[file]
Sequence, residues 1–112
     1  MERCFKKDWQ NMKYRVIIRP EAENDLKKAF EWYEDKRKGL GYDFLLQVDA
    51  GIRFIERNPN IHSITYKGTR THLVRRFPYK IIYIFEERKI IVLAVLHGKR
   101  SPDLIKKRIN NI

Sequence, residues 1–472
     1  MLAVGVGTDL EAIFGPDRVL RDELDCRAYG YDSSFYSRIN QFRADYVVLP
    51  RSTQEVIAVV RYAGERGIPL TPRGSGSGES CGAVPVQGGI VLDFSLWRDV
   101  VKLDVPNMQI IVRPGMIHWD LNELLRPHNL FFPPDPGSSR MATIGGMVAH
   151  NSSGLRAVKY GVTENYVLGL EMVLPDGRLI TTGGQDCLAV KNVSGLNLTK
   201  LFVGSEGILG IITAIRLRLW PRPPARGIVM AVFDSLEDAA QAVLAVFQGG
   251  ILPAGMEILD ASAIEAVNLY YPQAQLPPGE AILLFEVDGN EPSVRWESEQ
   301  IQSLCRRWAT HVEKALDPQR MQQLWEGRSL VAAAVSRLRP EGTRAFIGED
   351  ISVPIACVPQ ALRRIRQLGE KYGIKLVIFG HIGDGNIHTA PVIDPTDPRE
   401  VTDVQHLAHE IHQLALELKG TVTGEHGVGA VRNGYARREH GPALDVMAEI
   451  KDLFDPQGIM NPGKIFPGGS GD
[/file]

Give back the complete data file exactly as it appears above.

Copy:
Sequence, residues 1–112
     1  MERCFKKDWQ NMKYRVIIRP EAENDLKKAF EWYEDKRKGL GYDFLLQVDA
    51  GIRFIERNPN IHSITYKGTR THLVRRFPYK IIYIFEERKI IVLAVLHGKR
   101  SPDLIKKRIN NI

Sequence, residues 1–472
     1  MLAVGVGTDL EAIFGPDRVL RDELDCRAYG YDSSFYSRIN QFRADYVVLP
    51  RSTQEVIAVV RYAGERGIPL TPRGSGSGES CGAVPVQGGI VLDFSLWRDV
   101  VKLDVPNMQI IVRPGMIHWD LNELLRPHNL FFPPDPGSSR MATIGGMVAH
   151  NSSGLRAVKY GVTENYVLGL EMVLPDGRLI TTGGQDCLAV KNVSGLNLTK
   201  LFVGSEGILG IITAIRLRLW PRPPARGIVM AVFDSLEDAA QAVLAVFQGG
   251  ILPAGMEILD ASAIEAVNLY YPQAQLPPGE AILLFEVDGN EPSVRWESEQ
   301  IQSLCRRWAT HVEKALDPQR MQQLWEGRSL VAAAVSRLRP EGTRAFIGED
   351  ISVPIACVPQ ALRRIRQLGE KYGIKLVIFG HIGDGNIHTA PVIDPTDPRE
   401  VTDVQHLAHE IHQLALELKG TVTGEHGVGA VRNGYARREH GPALDVMAEI
   451  KDLFDPQGIM NPGKIFPGGS GD